My family had a big house in which even animals were welcome. Jilib was a small town - a very good place. People cared for each other. We knew our neighbors well. The weather was beautiful, always warm but not hot. We had a lake nearby. There were bright greens in Jilib-trees, grass and big mountains.
Everyday, my family and I woke up early and sat outside in our front yard. My mother would make us all black tea with fresh milk from our many goats.
My father had given me the choice of learning the Koran or taking care of the goats. I chose the goats. I learned from them. It was my job to take all of the little ones to the forest behind our house everyday for their exercise. We took long walks -sometimes going very slowly because some of the babies were still learning to walk.
Although they were animals, I knew that they loved me. They always wanted to be close to me and interact with me. I wished they could talk so that I could understand their love and their needs.
We had 30 goats, including the little ones. The names I remember are Cadan, Semin, Waxara, Kasiwanin. Cadiya was the sweetest one. She gave my family so much. She was old - nine. She and I had a lot in common - quiet, relaxed. I can't describe it, but when I hear her name now I feel like she's right next to me.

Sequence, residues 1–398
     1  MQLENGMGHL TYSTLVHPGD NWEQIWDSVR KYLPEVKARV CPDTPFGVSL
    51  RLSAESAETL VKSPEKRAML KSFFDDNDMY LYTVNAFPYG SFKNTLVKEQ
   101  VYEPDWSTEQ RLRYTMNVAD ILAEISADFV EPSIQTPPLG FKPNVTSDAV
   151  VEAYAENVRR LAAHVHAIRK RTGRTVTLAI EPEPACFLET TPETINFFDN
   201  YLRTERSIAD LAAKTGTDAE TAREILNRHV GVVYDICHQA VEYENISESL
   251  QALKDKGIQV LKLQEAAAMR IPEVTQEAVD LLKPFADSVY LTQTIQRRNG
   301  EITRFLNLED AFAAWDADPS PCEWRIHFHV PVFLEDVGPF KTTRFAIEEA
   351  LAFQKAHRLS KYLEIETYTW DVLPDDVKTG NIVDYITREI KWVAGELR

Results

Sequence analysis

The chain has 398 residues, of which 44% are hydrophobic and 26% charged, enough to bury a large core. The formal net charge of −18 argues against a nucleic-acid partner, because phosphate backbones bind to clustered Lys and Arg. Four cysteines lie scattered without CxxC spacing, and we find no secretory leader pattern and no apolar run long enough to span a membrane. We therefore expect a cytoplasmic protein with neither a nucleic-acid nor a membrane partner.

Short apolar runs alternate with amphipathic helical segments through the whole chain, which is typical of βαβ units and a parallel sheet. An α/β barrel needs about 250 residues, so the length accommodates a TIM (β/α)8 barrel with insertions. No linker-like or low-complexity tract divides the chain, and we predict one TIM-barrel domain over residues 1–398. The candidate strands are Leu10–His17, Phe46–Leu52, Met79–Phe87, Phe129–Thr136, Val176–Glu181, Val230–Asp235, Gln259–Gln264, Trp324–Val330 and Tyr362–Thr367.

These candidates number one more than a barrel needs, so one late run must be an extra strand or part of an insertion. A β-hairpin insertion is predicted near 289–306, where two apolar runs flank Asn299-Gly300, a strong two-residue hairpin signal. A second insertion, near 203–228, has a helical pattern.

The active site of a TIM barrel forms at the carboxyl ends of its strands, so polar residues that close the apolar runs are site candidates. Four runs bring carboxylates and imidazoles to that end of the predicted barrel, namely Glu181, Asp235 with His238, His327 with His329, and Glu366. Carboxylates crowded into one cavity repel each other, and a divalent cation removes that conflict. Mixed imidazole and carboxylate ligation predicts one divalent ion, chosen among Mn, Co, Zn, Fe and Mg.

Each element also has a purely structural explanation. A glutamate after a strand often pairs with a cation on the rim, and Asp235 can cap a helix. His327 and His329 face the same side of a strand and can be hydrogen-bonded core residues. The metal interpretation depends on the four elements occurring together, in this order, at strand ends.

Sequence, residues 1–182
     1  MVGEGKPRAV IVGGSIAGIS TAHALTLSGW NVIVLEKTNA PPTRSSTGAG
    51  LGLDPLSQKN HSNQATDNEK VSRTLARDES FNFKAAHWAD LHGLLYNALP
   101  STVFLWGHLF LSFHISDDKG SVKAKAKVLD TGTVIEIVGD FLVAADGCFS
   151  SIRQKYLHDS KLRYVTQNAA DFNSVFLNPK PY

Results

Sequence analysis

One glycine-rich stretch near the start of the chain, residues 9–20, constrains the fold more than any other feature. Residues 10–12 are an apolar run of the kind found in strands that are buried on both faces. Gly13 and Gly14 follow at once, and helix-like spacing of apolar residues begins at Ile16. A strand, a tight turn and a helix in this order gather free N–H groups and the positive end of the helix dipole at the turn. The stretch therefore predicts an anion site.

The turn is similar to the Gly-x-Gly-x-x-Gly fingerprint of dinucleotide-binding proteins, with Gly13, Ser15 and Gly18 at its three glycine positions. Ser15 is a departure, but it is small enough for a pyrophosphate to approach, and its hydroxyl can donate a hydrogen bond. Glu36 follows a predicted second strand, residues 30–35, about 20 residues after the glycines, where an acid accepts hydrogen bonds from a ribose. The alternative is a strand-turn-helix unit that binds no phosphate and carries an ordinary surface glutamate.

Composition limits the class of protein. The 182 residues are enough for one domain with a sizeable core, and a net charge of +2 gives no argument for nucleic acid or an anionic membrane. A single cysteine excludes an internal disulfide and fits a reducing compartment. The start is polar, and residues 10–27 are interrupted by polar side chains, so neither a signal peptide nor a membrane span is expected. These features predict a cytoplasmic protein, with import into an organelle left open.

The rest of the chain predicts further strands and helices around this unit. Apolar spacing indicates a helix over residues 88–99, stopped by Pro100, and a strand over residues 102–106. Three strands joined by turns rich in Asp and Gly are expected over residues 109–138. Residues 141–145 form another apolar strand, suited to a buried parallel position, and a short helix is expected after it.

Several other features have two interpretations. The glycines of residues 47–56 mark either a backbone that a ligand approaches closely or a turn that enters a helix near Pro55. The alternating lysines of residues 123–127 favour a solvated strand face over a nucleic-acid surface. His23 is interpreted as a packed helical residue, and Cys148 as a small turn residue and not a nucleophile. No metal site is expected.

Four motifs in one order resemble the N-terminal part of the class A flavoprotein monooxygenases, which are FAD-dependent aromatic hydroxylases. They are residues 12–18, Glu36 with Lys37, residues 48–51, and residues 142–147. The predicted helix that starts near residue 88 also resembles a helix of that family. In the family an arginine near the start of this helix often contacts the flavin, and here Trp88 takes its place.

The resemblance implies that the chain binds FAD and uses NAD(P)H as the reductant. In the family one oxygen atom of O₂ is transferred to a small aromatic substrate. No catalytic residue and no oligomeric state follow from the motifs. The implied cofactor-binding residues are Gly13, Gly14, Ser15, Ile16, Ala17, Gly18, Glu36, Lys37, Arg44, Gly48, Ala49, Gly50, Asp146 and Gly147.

One morning my mom was visiting the neighbors to see how their night had been. My father, brothers, sister and I were sitting having our tea with goat milk when my mom entered the yard. Everything was different about her: her face, her walk. She said that we had to leave Jilib; that the war was coming.
Then she said that the only way we would be able to afford the bus tickets would be for us to sell all of our goats.
Aden Issack is brought to us by the Portland-based Telling Room, a non-profit writing center dedicated to the idea that children and young adults are natural storytellers. Every Friday this summer we'll share an essay from a student between the ages of six and 18 with a unique perspective on the world.
Photo of author Aden Issack: Courtesy the Telling Room